I wrote about both of these back in May, and I’ve learned a bit more about Vitale’s book. It’s a memoir of his many years filming with Tony, so behind-the-scenes stories galore, probably many we’ve never heard. The cover that currently appears on Amazon, which I dissed in May, is actually THE cover.

Almost forgot: Cats Working gets a mention in In the Weeds. In what context, I don’t really know. Apparently, my years-long coverage got Tony’s attention more than I ever imagined.

To finish on a personal note with the books, I’m almost finished with World Travel: An Irreverent Guide, and when I got to Trinidad and Tobago, a line Laurie Woolever used from Parts Unknown made me put the book down for a week to process it. Tony is quoted as saying…

“Tobago is what you hope for when you waddle away from the buffet on the SS Norway [bold mine] cruise ship. Lazy beach days, boat drinks, villas, all set to a calypso beat.”

Except that I just watched the episode on HBO Max (with earphones) to write this and what he actually said (at 37:18) was, “SS Norwalk.” Close enough to be suspicious, but I’m taking it as random.

Context: the Norway was “my” ship from 1988–2003. I sailed 23 times and had life-changing experiences, but I’ve published almost nothing about them. It stunned me to think that he could have read enough of my work to mention the ship because it had been long destroyed by then.

But as it turns out, he didn’t.

Tony presumably on Tobago

The Cats Check In & New Bourdain Book

May 21, 2021

By Karen

It’s TGIF here today. I snapped pics of the crew this morning so you can see how they’re doing. After finally shoveling a mammoth editing project out of here, this week I was finally able start reading World Travel: An Irreverent Guide by Laurie Woolever, channeling Anthony Bourdain. I’m enjoying it and awed by the research. But the dips into each country are so brief, I want to rewatch the shows she sourced to see the meals and restaurants again.

AND this week I happened upon a second worthwhile Bourdain book coming out on October 12, same day as Woolever’s Bourdain: The Definitive Oral Biography, which now has a cover…

Tom Vitale, Tony’s longtime director and producer, has written In the Weeds: Around the World and Behind the Scenes with Anthony Bourdain. It’s being published by Hachette in hardcover (not Bourdain’s Ecco imprint). At only 6” x 9”, I assume it’s more narrative than the oversized photo books previously published about the shows, which is great. I hope Hachette does better with the cover art and this is just their Amazon placeholder…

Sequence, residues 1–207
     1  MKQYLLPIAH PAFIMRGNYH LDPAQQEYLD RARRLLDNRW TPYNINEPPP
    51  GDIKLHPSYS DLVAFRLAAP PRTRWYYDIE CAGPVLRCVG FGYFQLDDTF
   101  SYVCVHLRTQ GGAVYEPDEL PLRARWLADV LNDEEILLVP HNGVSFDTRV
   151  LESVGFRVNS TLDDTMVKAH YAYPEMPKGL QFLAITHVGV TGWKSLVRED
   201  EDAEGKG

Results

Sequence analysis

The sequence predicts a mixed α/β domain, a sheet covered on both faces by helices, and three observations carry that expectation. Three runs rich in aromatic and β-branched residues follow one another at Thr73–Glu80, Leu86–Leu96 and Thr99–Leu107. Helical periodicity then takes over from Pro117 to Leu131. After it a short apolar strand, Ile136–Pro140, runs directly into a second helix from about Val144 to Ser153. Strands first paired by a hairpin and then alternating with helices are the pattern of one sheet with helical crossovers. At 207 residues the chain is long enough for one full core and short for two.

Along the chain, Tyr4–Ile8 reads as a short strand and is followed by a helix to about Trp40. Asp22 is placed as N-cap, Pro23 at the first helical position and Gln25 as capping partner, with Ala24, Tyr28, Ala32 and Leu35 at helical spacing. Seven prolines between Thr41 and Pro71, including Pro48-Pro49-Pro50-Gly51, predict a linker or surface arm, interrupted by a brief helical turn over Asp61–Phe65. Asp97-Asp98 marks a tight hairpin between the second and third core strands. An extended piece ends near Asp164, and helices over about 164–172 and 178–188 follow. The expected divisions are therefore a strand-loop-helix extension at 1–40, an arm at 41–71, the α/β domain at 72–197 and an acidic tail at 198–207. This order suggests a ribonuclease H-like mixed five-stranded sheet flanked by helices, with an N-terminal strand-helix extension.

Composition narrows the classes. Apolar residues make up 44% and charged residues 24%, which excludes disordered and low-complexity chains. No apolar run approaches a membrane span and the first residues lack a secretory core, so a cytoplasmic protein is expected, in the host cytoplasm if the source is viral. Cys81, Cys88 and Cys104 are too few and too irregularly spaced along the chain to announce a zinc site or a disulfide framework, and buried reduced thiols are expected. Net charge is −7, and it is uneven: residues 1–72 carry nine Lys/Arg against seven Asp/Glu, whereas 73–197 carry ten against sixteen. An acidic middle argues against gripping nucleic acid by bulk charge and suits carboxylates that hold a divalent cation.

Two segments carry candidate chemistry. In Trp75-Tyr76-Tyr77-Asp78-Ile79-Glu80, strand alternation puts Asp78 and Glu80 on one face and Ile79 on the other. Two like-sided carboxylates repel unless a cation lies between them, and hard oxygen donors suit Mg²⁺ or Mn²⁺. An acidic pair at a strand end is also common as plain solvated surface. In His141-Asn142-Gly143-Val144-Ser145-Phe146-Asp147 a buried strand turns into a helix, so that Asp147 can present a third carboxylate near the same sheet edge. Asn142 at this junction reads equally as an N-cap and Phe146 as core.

Amazon’s also peddling at least three unauthorized Bourdain “biographies.” One is 53 pages, has no named author, and you can get it free with Kindle Unlimited. Another is only 17 pages by a writer — probably fittingly — named Dumm. And the third bio is supposedly 30 pages of “interesting facts.”

A fourth 152-page book is an English translation of “Reflections” on his death “by Suicide????” (question marks are in the actual title, so, believable????). The original is in Spanish and seems to be a dredging of the conspiracy delusions we were fed by certain parties in Italy, if you get my drift.

I’ve decided not to read these because it means buying them, and I don’t want to support them. Also, it wouldn’t surprise me — but would totally piss me off — if I found material lifted from Cats Working. Better for them that I never know.

But back to the cats…

Tony says, “Party this weekend like it’s 2019!” He’s got a birthday coming up. Does he look more grown up these days?
Roc says, “Take it easy by curling up in your favorite perch by a window and soak in some rays on your tush.”
Max says, “Relax in your Man Cave or anywhere else you can get away from the crazy frat boys.”

%d bloggers like this: